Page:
Family Promise provides, a nonprofit network of 20 participating congregations, provides shelter and opportunities to local homeless families at 1/3 less the cost of operating a traditional shelter. Family Promise provides food, clothing and shelter free of charge for families up to 90 days. These families work with a social worker to develop plans to find and maintain employment while setting aside money for savings. These families work during the day at a job or finding work, filling out job applications and learning how to prevent losing their housing, and finding assistance to help keep them stable in today’s economy. The children of these families continue to attend school during the day, even though some of them feel they could help their parents out better by dropping out and getting a job at a fast food place. Eventually they  come to realize that staying in school is the best choice for all in the long run.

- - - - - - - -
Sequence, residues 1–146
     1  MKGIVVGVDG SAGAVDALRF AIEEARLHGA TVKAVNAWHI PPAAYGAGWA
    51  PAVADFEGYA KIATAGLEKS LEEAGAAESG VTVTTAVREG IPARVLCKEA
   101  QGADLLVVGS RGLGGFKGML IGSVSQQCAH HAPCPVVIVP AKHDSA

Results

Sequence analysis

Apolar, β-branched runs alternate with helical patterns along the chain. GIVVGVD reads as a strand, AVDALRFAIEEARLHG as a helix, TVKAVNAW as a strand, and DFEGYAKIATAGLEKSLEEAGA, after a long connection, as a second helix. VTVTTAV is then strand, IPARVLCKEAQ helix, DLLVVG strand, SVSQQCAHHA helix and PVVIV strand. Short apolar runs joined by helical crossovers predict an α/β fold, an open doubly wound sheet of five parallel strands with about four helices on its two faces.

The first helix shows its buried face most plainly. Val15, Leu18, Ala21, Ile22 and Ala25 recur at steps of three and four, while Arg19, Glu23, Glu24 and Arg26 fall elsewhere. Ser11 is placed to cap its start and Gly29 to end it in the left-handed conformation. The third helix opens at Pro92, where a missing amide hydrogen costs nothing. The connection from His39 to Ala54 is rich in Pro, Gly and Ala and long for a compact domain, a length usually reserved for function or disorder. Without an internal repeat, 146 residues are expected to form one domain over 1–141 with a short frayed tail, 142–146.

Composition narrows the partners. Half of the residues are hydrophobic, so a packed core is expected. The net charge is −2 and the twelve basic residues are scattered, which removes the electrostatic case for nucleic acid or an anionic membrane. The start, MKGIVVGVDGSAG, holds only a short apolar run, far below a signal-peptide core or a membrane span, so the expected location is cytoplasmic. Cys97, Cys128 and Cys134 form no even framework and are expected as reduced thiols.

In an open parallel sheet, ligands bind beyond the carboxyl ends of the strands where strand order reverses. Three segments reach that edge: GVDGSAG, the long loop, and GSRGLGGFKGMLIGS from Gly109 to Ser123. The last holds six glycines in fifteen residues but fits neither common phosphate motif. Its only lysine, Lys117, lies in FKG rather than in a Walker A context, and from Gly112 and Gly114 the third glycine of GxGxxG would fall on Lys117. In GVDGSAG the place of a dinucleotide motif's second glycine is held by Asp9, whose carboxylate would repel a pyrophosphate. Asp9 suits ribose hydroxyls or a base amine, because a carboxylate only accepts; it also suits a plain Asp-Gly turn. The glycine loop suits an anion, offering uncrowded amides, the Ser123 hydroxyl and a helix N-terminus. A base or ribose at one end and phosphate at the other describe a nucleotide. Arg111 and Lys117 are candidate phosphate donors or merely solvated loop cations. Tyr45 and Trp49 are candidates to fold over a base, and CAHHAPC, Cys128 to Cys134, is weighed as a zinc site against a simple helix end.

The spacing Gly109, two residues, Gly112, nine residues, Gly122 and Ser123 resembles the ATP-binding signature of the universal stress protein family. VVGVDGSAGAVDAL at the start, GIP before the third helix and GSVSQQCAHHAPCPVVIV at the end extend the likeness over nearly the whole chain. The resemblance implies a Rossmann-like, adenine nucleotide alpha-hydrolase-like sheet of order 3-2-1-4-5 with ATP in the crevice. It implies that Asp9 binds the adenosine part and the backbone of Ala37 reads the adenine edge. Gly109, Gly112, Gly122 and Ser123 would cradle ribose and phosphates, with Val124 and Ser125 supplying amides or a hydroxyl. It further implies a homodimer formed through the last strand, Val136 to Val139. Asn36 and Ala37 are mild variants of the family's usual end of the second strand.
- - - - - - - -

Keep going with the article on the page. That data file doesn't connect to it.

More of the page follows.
Sergeant Jeremy Kopp states the Gallatin County Sheriff’s Department does not have a specific policy when dealing with the homeless population. They have guidelines to follow when interacting with them. These guidelines instruct officers to help get the homeless person in contact with the appropriate resources available in the county. During the winter the Sheriff’s Department has little interaction with the homeless as they move closer into town where it is easier to get to the resources. They have a larger interaction with them during the summer as it is easier to live outside. They see camps spread out up to Hyalite. Their interaction with the homeless has been mostly positive as it is not their fault they ended up where they are and should be treated with respect and dignity. Sergeant Kopp states he helped HRDC develop the original model for the Warming Center and it has been amazing to watch it grow from the small building at the fairgrounds to the facility they now have at 2104 Industrial Drive. The Sheriff’s Department works hard to get the homeless in contact with the resources that are available here. Sergeant Kopp has heard that in the past some communities would buy bus tickets for the homeless in order to remove them; Gallatin County tries to be compassionate instead.